Typefaces that mimic cursive handwriting or fonts made from actual handwriting samples can convey a quiet elegance, personalize a form letter, or exude cheerfulness, playfulness, or a casual mood. However, there are some places where script typefaces
Time Required: As long as it takes to choose the right script fonts
- Match script fonts to the tone of your document.
Choose a script typeface that is in keeping with the overall tone of your document whether formal, informal, elegant, or casual. Script faces that mimic the actual handwriting of someone are generally more informal or casual than the formal script fonts used in Wedding invitations, for example.
- Say no to ALL CAPS for script fonts.
Don't use script faces in ALL CAPS. They are much harder to read.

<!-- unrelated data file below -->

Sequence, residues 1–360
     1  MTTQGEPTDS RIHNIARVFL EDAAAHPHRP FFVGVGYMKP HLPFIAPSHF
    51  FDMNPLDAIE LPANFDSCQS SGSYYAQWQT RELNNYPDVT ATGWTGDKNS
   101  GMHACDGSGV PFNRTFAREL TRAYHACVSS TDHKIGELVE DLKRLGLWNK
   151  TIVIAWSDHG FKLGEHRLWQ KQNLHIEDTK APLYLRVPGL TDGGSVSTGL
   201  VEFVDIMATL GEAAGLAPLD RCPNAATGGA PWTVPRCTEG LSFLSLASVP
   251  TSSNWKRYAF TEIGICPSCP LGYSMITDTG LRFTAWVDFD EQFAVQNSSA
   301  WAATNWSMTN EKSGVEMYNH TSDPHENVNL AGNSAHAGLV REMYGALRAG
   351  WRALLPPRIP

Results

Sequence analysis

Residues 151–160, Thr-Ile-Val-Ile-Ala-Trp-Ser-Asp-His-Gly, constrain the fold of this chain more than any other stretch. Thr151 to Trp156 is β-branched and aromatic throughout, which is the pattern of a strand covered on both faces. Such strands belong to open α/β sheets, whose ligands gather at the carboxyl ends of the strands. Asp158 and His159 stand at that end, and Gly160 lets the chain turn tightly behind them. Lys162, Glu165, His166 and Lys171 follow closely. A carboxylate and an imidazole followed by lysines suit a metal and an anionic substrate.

- Don't mix scripts.
Avoid mixing two or more script faces in a single document. They usually clash.
- Give script fonts more room.
Allow extra character or line spacing for script faces with exagerated features or extra curves, swashes, and curls.
- Keep lines of text short.
Avoid long lines and complete paragraphs of only script type. It is usually too difficult to read.
- Match script fonts with graphics.
Match the tone of your script typeface with the tone of the graphics used in your publication casual with casual, etc.